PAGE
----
2009 Office of Institutional Education Programs
Laura E. Hawkins
Several interesting factors worked together to influence me to become a teacher. I had not originally chosen teaching as a career option, but instead environmental science because of my love for the outdoors. Ironically, when I was between jobs I tried my hand at substitute teaching and instantly fell in love with what I was doing. I realized I could draw from my work in the science field and share these experiences in the classroom. What better way to share my love of the outdoors than to teach about it?
Throughout my career substituting I heard about the “good” and the “bad” experiences students had with school and teachers. This made me reflect on my own education and the highlights and down points involved in it. Teachers, whether they are labeled as “good” or “bad,” forever impact children’s lives I very vividly remember my high school English teacher: the way she smelled, how she spoke so dramatically with her hands, the fancy handwriting she used when commenting on our papers, and the countless hours of extra time she devoted to her students. On the other hand, I also can easily recollect my high school chemistry teacher: she rarely got up from her desk, had as little interaction with students as possible, assigned nothing but book work to make us learn chemistry, and left school as soon as the 3:00 bell rang.
I decided I was going to become one of those teachers that students wouldn’t easily forget and for all the right reasons. I wanted my students to remember my commitment to them, my contagious energy and enthusiasm, and the love I have for them and my job. Teachers are definitely role models to their students. I wanted to break the mold when I became a teacher. I knew I didn’t fit the stereotypical female teacher (I ride a motorcycle, have boxed in competitions, hunt, and fish) and this led me to the path of institutional education where I teach juvenile males ages 13-17. The drive to bring something new and unique into the classroom really propelled me to get my education degree. My mother always thought I was going to be an actress because I loved entertaining. Well, as a teacher I put on eight different performances a day, and there is always a lesson to be learned from each show.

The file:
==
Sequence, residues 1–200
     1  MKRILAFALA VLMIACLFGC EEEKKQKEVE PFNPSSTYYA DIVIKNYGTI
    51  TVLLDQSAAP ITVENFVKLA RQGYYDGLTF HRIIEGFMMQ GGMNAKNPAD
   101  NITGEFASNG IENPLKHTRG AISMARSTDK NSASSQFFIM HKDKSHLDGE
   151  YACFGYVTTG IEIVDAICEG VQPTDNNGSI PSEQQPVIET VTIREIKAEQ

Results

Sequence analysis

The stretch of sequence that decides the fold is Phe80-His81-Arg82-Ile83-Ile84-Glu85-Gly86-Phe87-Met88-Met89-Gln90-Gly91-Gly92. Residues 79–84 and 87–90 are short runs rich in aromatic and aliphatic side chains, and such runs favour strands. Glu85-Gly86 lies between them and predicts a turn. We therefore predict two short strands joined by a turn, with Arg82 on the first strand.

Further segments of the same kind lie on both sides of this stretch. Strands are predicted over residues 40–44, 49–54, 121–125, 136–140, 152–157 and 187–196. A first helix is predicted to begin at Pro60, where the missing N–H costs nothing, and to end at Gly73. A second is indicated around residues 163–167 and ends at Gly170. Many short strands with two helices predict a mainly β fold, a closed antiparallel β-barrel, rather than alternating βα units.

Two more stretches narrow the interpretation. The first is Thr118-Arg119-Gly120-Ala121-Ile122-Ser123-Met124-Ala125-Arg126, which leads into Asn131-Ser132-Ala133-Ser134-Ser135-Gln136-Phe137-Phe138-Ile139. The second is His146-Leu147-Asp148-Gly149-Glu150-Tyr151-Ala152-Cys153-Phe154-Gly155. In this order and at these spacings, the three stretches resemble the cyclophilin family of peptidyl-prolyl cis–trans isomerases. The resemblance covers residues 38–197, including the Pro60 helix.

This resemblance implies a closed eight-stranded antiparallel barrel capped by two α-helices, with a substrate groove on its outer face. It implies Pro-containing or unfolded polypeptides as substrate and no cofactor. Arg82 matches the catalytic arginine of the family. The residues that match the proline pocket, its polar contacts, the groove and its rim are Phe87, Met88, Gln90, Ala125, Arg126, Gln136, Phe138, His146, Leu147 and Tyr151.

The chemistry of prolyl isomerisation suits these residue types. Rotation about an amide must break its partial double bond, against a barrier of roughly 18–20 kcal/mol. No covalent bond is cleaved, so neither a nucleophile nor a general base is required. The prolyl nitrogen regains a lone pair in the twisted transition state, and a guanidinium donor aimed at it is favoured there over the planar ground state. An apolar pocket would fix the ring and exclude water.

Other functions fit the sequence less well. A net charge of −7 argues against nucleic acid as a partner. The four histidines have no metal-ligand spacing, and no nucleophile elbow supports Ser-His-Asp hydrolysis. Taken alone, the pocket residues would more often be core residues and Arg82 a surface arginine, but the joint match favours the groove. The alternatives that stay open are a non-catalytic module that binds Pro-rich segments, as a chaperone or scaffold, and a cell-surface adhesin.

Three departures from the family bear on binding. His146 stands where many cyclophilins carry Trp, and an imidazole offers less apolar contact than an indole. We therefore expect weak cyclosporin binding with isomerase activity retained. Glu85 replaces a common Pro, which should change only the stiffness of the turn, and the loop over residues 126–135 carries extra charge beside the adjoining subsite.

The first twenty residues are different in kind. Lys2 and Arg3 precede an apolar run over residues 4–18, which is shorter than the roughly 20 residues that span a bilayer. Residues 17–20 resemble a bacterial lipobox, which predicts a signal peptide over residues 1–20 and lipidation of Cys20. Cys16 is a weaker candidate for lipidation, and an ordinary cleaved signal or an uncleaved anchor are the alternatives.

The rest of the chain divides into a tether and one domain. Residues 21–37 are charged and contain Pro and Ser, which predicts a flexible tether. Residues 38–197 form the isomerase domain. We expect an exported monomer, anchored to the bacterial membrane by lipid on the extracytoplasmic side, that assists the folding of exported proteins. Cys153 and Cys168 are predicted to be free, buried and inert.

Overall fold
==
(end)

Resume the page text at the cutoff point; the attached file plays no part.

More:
My greatest contributions and accomplishments in education thus far have been connecting with a population of students that have difficulties at home, in school, and with their personal behaviors. I have been able to teach what some (shame on them) call the “unteachable.” These kids are my favorite to teach and I call them “the underdogs,” not the other term used above. My students often have all the chips stacked against them. They are in legal trouble, have addiction problems, social/emotional issues, learning disabilities, truancy, and have been bounced around the different systems in school and home. I am proud that I have been a part of them wanting to better themselves through education.